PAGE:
Size:	58.7 KB 
ID:	280760
    Last edited by PBaholic; 04-03-2021 at 12:40 PM.

  5. #25
    Boolit Mold
    Join Date
    Feb 2012
    Location
    Southern IL
    Posts
    16
    I salvage the old school metal muffin tins at garage sales. They come in several sizes and usually 6, 8 or 12 muffins. If you smelt you can short pour each puck to approximate the weight. With experience, you get real close. For flux, buy bees wax in a large block, it is cheaper than buying it 1 pound at a time. Another option for bees wax is the toilet seal ring in the plumbing section. Just make certain its not the "green new deal" and synthetic wax.
    Benefactor Member of NRA

  6. #26
    Boolit Master
    Join Date
    Sep 2016
    Posts
    1,970
    I've used second hand muffin tins. They work well, but don't use the ones that are actually tin coated with something like pewter. The ingots will weld to the plated metal and will be the dickens to get out (unfortunately I have first hand experience with this).

  7. #27
    Boolit Master high standard 40's Avatar
    Join Date
    Jan 2009
    Location
    South Louisiana
    Posts
    947
    I acquired about 50 pounds of print type a few years ago. I was uncertain of exactly what I had and how many times it had been used. I melted all of it together, fluxed it well, and poured it into ingots using Lyman ingot molds. I then cast some of it into bullets using 6 cavity molds in 22, 40, and 45 caliber. Now I have "ingots" of widely varying weights. I can add this as needed to other alloys in relatively accurate increments. If I just need to tweak a mix, I can use the 22 bullets. In larger quantities I can use a larger ingot. I've found that mixing Linotype 50/50 with COWW yields a very close copy of Hardball alloy (92-6-2)

  8. #28
    AKA: GRMPS Conditor22's Avatar
    Join Date
    Dec 2018
    Posts
    3,069
    Quote Originally Posted by Burnt Fingers View Post
    There's an alloy calculator out there that most of us use. Your numbers don't jive with the calculator.

    As an example the calculator shows a 1:3 mix with a BHN of 11.7, the mixing of Sb and Sn with PB doesn't work quite like you think it does.

    https://castboolits.gunloads.com/sho...oy-calculators
    Sometimes the calculator doesn't "jive" with itself

    Often when you combine 2 or more materials (like Sb & SN) you come up with a totally new alloy with new characteristics and formulas don't always work

    I also just take the alloy's hardness and do the math.

    I recently got done sorting/packaging/shipping hundreds of pounds of linotype from a print shop, my hands were always covered with ink when I got done.

    I may be a little OCD but I prefer EVERYTHING that goes into my casting pot to be clean.

    My 2

  9. #29
    Boolit Master

    dale2242's Avatar
    Join Date
    Oct 2007
    Location
    SW Oregon
    Posts
    1,943
    I melt my linotype, be it strips or pigs, and cast it into 1/2# or 1# ingots.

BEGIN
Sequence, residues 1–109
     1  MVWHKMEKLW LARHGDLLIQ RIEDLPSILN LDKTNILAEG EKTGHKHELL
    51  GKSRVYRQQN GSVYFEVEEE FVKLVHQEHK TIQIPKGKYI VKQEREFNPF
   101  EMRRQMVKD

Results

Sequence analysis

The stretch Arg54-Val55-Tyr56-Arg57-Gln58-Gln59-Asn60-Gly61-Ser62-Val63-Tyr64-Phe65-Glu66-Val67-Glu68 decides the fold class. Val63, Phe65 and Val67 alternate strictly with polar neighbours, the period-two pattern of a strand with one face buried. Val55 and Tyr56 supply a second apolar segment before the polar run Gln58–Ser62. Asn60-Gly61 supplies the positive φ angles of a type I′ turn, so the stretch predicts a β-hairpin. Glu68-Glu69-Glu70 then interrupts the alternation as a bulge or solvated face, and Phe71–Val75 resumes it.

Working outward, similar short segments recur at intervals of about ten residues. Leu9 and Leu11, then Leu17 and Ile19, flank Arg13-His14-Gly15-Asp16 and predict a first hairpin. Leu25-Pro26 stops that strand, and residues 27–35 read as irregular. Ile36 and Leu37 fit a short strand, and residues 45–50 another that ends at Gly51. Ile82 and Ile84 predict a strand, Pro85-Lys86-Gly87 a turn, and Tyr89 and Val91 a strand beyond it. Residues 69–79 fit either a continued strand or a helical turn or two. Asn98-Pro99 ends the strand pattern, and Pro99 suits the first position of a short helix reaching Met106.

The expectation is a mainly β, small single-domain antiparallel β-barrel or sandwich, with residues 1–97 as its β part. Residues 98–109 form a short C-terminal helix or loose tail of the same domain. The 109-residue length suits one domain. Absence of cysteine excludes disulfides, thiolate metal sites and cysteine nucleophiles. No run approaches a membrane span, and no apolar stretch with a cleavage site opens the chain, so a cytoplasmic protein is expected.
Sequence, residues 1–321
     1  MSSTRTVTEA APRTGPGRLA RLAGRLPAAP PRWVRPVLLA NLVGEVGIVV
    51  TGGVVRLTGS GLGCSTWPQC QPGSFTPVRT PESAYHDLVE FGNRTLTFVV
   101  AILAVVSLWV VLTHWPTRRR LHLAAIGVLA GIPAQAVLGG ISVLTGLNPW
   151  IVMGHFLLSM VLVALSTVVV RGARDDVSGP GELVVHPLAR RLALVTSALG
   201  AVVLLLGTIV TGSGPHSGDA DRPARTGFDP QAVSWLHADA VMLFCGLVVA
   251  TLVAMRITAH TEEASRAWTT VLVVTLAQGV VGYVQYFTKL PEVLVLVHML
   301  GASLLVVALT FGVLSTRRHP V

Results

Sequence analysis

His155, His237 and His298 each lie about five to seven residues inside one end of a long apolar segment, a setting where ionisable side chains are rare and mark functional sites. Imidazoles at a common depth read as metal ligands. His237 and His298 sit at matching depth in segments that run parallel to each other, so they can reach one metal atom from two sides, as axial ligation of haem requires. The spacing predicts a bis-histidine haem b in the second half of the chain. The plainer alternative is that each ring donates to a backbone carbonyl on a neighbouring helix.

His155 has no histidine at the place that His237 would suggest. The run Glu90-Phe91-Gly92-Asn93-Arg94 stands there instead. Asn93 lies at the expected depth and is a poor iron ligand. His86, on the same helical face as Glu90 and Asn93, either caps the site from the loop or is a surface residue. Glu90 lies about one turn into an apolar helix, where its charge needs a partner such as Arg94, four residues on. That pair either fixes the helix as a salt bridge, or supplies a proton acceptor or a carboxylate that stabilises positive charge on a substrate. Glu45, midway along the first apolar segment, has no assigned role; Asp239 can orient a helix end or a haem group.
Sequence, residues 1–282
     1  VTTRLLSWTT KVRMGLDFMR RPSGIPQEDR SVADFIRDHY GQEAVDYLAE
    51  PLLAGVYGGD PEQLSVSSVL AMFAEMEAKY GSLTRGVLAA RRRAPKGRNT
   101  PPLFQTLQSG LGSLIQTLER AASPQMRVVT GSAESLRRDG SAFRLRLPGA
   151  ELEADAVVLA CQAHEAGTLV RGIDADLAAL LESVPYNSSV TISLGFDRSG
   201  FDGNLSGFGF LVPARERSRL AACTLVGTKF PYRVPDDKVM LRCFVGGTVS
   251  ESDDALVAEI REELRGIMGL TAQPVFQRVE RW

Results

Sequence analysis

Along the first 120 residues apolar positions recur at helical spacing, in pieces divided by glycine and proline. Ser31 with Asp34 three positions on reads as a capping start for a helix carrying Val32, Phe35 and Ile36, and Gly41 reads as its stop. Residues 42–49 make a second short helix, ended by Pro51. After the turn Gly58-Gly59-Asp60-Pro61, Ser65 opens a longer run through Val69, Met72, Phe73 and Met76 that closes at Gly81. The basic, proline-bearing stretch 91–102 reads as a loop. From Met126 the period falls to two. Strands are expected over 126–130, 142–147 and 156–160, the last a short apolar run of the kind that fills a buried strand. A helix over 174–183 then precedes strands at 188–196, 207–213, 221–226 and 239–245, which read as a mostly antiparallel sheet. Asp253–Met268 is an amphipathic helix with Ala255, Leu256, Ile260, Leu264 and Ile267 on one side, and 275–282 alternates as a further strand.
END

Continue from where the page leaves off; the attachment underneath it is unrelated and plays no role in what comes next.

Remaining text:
This way I can mix my own known alloy.
    So far, I have used it to blend with other known alloys.

  10. #30
    Boolit Buddy
    Join Date
    Feb 2012
    Posts
    218
    Quench your WW bullets in ice water as they drop from the mold if you want hard bullets. Not much difference between quenched ww's and pure lino. I used to do all my casting (back in the '80's) with pure lino and then tried quenching. Not much real measurable difference using LBT or Cabinetree testers...

  11. #31
    Boolit Master
    winelover's Avatar
    Join Date
    Apr 2009
    Location
    North Central Arkansas
    Posts
    2,187
    All well and good, if one has access to WW alloy. Not everyone does and it's getting scarcer and scarcer. Three parts pure to one part lino is a close approximation of COWW alloy. Heat treating is a better option than water quenching, if you're after consistency.

    Winelover

  12. #32
    Boolit Master



    Join Date
    Oct 2009
    Location
    NH
    Posts
    3,172
    Early 70's lino was the go to, shot over 2K pounds in 45's 357's and 30/06 all at 7-9 cents a pound for ingots and some type lines at a Nickle a pound at the bone yard I sold copper to.

    Cable sheathing was paid for at 3 cents a pound. Kept over another ton of that from one job we did as electricians. Pure lead cutting of the solder parts.

    Cut the lino 50/50 with the cable sheathing.

Page 2 of 2 FirstFirst 12

Posting Permissions

  • You may not post new threads
  • You may not post replies
  • You may not post attachments
  • You may not edit your posts
  •  
Abbreviations used in Reloading

BP Bronze Point IMR Improved Military Rifle PTD Pointed
BR Bench Rest M Magnum RN Round Nose
BT Boat Tail PL Power-Lokt SP Soft Point
C Compressed Charge PR Primer SPCL Soft Point "Core-Lokt"
HP Hollow Point PSPCL Pointed Soft Point "Core Lokt" C.O.L. Cartridge Overall Length
PSP Pointed Soft Point Spz Spitzer Point SBT Spitzer Boat Tail
LRN Lead Round Nose LWC Lead Wad Cutter LSWC Lead Semi Wad Cutter
GC Gas Check